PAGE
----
“Candid exists to get people the information they need about the social sector to do good. Many of our tools focus on one organization, one grant, or one issue at a time; that kind of focus can be critical for decision makers,” said Candid executive vice president Jacob Harold. “This new dashboard builds on that focus by offering a fuller picture of the social sector as a whole. We hope that this tool will help people build a better understanding of the nonprofit and philanthropic ecosystem and its central role in our society.”
(Photo credit: GettyImages/Prostock Studio)
UW–Madison receives $20 million for Letters & Science building | Philanthropy news
The University of Wisconsin–Madison has announced a $20 million lead gift from brothers and alumni Jeff Levy (’72) and Marv Levy (’68, JD ’71) in support of a new academic building in the College of Letters & Science.
Construction on Irving and Dorothy Levy Hall, named for the parents of Jeff and Marv, is expected to begin in 2023 and be completed in 2025. Once complete, the building will establish a unified home for the Department of History and nine other L&S academic departments, programs, and centers that currently are spread across eight facilities on campus. The five-story building will feature nineteen classrooms as well as a space where students can gather and interact informally with each other and their instructors to maximize collaboration.
The Levy brothers own and operate Phillips Distributing Corporation in Madison. Their commitment was contingent upon the Wisconsin state legislature and governor including the project in the 2021-23 state budget with $60 million in state support, which occurred earlier this year.
“We envision this vital new facility as a highly collaborative and state-of-the-art learning environment for all,” said College of Letters & Science dean Eric Wilcots. “We are immensely grateful to the Levy family for their support of this vision. Our students deserve classroom space that enhances interactive learning and engagement through cutting-edge technology. They also deserve a building that inspires, rather than intimidates. The Levy family’s gift will reverberate through future generations, touching many lives.”
“We are proud to help make this building a reality. We hope it will be a central educational location for the undergraduate experience at UW-Madison,” said Marv Levy. “Our hope is that by honoring our family legacy of charitable giving with this gift, we can offer to future generations some of the opportunity that the UW has provided us.”
U.S. nonprofit sector uneven in impact and recovery, report finds | Philanthropy news
While nonprofits have contributed significantly to U.S. society and economy in the face of the COVID-19 pandemic, the health of the sector is uneven in both impact and recovery, a new report from Independent Sector finds.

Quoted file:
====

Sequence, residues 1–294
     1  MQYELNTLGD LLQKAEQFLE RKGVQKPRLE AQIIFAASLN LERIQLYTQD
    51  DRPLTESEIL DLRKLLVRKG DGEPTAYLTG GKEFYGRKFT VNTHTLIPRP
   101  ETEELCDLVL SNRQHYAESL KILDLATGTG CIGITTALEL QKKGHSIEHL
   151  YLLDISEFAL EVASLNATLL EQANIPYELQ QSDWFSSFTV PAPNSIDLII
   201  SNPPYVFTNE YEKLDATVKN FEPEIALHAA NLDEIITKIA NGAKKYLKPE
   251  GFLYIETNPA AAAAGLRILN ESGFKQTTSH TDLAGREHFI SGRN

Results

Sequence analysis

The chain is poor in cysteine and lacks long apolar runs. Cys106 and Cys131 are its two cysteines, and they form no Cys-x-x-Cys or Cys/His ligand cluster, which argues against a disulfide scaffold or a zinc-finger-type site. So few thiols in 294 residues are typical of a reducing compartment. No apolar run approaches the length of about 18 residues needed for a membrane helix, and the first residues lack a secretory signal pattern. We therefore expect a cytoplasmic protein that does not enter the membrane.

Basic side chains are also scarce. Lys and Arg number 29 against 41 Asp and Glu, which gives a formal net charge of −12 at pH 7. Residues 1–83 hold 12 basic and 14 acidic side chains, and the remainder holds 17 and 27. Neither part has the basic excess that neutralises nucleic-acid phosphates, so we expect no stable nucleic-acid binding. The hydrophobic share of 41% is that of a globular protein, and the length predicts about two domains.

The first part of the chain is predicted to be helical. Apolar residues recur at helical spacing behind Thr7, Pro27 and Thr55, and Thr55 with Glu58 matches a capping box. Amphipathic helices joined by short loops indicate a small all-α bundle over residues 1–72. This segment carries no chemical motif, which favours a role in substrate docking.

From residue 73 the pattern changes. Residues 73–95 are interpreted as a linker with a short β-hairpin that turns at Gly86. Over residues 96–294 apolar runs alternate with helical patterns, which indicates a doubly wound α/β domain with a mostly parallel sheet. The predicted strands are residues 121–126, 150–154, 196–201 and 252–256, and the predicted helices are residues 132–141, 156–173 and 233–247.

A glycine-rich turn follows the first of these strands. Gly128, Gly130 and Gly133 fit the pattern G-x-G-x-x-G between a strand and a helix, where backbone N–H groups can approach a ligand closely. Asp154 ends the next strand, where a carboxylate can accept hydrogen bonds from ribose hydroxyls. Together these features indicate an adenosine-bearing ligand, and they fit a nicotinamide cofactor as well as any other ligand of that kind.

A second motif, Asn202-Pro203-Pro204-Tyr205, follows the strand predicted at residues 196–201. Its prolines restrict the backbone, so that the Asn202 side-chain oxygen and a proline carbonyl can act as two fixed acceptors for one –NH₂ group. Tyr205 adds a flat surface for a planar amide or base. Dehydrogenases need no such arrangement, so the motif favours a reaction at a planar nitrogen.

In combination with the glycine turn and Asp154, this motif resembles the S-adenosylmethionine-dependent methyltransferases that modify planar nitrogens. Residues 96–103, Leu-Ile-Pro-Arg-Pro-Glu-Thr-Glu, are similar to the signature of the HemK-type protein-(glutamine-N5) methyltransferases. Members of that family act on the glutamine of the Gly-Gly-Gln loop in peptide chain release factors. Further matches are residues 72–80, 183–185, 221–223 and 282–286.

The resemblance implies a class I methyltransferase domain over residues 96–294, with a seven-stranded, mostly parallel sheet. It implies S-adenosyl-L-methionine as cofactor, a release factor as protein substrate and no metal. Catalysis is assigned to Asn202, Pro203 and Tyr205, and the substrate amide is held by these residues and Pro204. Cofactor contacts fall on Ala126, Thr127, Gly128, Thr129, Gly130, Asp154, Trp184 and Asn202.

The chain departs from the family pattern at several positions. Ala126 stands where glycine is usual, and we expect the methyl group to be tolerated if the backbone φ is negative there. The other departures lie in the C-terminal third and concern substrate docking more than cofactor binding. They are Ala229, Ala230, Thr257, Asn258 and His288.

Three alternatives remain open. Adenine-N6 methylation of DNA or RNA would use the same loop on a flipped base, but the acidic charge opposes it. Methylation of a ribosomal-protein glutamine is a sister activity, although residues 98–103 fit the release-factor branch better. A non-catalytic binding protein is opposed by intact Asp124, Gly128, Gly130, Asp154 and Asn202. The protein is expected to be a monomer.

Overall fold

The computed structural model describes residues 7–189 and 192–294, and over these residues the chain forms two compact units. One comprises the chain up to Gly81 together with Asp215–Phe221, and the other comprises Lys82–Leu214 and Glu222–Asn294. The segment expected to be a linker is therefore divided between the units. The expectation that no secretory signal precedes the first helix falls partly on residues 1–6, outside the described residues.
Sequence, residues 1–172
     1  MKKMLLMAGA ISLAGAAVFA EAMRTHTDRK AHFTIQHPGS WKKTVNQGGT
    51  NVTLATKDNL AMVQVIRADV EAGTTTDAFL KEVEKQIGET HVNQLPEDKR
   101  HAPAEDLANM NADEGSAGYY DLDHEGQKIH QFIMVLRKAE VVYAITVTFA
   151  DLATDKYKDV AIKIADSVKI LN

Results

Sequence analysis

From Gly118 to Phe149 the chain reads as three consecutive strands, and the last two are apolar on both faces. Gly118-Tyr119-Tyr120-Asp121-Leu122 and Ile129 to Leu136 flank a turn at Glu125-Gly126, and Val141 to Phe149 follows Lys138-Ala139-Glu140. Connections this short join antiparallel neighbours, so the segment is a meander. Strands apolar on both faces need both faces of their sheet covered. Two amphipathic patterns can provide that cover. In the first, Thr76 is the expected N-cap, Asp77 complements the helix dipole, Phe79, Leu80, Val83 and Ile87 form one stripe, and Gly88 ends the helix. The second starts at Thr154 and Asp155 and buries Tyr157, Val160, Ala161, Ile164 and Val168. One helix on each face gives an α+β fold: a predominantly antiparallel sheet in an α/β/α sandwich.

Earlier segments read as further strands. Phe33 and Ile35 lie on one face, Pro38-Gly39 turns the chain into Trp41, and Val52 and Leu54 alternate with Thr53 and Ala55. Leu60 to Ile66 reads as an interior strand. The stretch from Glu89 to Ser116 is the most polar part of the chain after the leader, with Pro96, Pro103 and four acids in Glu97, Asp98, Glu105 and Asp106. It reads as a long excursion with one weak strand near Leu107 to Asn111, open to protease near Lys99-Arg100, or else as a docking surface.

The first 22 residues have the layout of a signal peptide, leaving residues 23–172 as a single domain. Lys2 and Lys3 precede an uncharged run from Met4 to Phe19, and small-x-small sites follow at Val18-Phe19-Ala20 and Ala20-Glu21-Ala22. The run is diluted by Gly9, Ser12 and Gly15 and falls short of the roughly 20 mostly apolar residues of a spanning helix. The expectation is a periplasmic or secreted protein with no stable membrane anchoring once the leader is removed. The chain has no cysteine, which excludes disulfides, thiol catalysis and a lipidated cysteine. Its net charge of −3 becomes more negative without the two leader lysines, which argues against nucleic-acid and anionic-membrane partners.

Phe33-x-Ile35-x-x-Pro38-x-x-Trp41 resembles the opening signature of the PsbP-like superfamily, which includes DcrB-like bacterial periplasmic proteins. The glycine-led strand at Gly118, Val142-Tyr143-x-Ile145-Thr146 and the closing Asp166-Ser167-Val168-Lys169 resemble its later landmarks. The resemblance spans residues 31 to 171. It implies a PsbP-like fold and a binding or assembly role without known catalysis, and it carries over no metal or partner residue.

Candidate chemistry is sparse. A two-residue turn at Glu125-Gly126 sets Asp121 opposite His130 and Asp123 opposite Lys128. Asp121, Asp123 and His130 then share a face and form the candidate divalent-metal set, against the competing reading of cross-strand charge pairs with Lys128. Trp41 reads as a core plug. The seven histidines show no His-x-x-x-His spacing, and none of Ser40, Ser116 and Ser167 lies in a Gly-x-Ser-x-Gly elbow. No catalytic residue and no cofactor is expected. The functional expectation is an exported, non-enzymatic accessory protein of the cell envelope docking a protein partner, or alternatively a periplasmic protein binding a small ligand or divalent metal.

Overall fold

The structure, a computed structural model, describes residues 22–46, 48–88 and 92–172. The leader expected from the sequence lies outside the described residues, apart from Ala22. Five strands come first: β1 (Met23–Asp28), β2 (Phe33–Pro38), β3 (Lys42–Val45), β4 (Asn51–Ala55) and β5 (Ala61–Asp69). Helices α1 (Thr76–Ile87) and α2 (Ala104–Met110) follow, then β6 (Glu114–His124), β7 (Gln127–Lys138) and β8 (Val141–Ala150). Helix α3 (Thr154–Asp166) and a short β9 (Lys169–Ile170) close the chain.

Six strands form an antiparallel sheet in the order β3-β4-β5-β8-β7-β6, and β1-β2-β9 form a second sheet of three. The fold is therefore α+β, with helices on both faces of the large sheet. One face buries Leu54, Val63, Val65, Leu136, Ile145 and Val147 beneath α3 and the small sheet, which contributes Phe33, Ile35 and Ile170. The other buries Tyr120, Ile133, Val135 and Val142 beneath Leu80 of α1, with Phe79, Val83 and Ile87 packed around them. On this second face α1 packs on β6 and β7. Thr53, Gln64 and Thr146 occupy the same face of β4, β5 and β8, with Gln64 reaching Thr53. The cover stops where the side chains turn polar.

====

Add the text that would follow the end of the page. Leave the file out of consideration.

Based on aggregated survey and research data from multiple sources in four categories — financial resources, human capital, governance and trust, and public policy and advocacy — the second edition of the Health of the U.S. Nonprofit Sector (43 pages, PDF) found that the impact of the COVID-19 pandemic varied by subsector and organization size, with arts organizations and those that rely on fees for service hit especially hard. Yet, even as 40 percent of nonprofits saw declines in total revenue and all subsectors except social services saw drops in gross output, the sector contributed 5.9 percent of GDP in 2020 — up 0.4 percentage points from 2019. And while 57 percent of nonprofits cut overall expenses, 64 percent suspended services, 44 percent reduced the number of programs or services, and 47 percent reported serving fewer people in 2020, Independent Sector’s Trust in Civil Society survey found that, as of early 2021, 57 percent of surveyed Americans had received nonprofit services and 84 percent expressed confidence in the ability of nonprofits to strengthen American society, up 3 percentage points from 2020.
According to the report, the sector’s advocacy efforts in 2020 helped secure notable federal resources that served as financial lifelines to nonprofits, particularly through the Paycheck Protection Program, payroll tax credits, and temporary universal charitable deduction. In addition, a study by Nonprofit VOTE found that voter engagement efforts helped reach underrepresented communities and narrow participation gaps.
The report outlines recommendations in each category to strengthen the sector, including prioritizing flexible funding, developing a shared understanding of equitable financing, promoting evidence-based practices to close workforce diversity and equity gaps, building capacity of virtual volunteering, improving the quality and depth of metrics for equity and “healthy” governance, improving digital access and literacy, and establishing public policy advocacy as a core competency of nonprofit management and governance.
“We have much to do to build the nation we, as changemakers, dream of becoming,” wrote Independent Sector president and CEO Dan Cardinali in the report’s foreword. “What can galvanize us to greater positive action? It’s that the everlasting human qualities of resilience, kindness, and collaborating for collective progress do not fade easily. They are within our grasp every day, giving all of us hope and confidence. The health of our nation is the sum of the richness and diversity of our members and sectors working together, elevating dignity, honoring our differences, and building for the common good.”
(Photo credit: Los Angeles Regional Food Bank)